Caregiver Survival Tip #6
Have a Good Cry
As caregivers, we tend to expend a tremendous amount of energy keeping ourselves and our care receivers pumped up emotionally. We look for tidbits of information and interesting stories we can share. We fix food, fluff pillows, play uplifting music, arrange flowers, rent funny movies, share inspirational messages and do whatever else we can to distract our care receiver and bring a smile to his/her face.
Most of the time we can pull it off. We somehow find the energy to keep ourselves and our loved one from falling into an abyss of hopeless depression, but sometimes fear and frustration overwhelm us. Our hearts are seized with grief. We are overcome with feelings of anger, sadness and loss.
You feel a pain in your chest, a lump in your throat and tears swell up in your eyes. When that happens, don’t choke it down. Let it out.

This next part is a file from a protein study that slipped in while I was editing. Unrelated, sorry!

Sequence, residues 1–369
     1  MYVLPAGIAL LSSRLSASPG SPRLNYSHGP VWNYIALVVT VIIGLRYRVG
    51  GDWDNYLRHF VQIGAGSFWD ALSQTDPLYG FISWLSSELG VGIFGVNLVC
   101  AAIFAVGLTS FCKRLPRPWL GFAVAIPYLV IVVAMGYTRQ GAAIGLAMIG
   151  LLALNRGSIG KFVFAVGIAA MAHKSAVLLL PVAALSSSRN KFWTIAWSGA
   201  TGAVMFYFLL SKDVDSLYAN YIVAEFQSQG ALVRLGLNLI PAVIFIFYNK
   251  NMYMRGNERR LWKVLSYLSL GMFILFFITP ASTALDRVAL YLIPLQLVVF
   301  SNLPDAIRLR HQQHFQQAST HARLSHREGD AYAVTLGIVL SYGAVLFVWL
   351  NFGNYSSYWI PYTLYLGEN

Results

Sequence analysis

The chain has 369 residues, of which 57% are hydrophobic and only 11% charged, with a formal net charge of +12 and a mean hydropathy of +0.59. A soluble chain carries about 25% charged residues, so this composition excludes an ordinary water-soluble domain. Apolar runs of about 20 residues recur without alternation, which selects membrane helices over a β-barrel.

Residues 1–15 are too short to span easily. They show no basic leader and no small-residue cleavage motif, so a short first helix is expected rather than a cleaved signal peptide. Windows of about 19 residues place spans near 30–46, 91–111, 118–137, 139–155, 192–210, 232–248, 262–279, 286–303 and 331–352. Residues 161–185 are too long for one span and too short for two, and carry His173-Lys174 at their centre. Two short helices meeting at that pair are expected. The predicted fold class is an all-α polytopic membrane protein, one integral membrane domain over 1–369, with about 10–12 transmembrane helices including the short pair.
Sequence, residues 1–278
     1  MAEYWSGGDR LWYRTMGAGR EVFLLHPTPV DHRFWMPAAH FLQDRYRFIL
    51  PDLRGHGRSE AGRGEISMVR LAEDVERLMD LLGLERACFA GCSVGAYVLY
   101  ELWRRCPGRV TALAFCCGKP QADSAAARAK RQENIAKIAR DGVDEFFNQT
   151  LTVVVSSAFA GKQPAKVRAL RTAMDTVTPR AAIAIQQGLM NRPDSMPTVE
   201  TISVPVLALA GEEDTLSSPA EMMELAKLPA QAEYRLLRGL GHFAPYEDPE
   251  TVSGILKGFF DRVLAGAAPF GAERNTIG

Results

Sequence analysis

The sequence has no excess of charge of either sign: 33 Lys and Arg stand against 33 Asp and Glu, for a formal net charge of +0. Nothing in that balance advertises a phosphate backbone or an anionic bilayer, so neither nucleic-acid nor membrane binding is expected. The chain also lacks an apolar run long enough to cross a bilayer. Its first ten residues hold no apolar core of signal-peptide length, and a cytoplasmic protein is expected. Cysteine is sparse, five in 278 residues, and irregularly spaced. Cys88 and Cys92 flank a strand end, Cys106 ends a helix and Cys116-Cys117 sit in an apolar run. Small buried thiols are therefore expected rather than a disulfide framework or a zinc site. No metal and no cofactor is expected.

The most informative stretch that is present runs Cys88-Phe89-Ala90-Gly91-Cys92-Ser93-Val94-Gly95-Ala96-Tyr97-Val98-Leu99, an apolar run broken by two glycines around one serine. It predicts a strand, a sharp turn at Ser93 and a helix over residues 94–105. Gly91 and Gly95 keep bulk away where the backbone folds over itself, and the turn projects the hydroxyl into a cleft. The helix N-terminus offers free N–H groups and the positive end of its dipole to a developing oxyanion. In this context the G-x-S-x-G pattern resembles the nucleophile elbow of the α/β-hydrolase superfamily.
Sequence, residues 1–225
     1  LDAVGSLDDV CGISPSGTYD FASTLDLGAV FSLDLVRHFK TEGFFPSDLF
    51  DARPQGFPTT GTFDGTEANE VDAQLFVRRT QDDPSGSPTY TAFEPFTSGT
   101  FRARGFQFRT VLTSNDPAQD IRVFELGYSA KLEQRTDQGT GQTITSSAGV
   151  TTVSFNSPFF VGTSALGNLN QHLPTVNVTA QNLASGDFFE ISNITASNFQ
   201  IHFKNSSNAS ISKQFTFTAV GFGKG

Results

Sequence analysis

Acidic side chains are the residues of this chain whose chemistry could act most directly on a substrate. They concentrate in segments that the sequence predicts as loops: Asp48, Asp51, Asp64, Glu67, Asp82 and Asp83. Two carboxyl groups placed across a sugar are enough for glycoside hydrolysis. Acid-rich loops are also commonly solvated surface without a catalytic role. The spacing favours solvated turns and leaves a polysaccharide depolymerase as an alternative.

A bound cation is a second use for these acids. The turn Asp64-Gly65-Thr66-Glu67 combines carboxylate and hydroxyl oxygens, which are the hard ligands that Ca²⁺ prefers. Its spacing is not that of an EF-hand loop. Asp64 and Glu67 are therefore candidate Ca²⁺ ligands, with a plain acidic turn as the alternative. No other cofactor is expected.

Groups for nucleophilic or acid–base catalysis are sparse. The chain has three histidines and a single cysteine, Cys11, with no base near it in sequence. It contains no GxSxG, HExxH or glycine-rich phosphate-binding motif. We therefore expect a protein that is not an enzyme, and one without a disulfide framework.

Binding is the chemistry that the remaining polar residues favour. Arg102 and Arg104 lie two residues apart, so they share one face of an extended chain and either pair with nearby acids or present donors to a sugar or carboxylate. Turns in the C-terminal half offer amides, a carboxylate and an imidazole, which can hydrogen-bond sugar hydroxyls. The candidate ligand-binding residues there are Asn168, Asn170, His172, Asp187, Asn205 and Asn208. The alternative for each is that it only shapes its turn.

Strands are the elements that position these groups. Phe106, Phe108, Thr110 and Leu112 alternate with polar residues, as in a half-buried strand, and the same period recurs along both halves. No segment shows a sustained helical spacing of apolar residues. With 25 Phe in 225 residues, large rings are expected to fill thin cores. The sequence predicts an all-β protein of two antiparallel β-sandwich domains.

In his best selling book, “Home Coming”, John Bradshaw wrote, “All these feelings need to be felt. We need to stomp and storm; to sob and cry; to perspire and tremble.”
Crying is cathartic. Did you know that there are physical benefits to crying? It’s true. Tears lubricate your eyes, remove irritants, and release stress hormones from your body.
When they were little, most men were told, “Boys don’t cry.” When women started entering the workforce in mass during the 1960’s and 70’s, we quickly learned that crying in the workplace could have very harsh consequence. In one way or another, we have all been taught that when we feel ourselves on the verge of tears that we need to push them down and keep them in.
It’s time to shift our thinking and recognize that crying is not a sign of weakness. It’s a sign of caring. Crying will benefit you physically, and it may help you release enough anxiety, tension and sadness that once your tears dry, you’ll be able to put another smile on your face and once again tap into the emotional energy you need to continue caring for someone who needs you so desperately.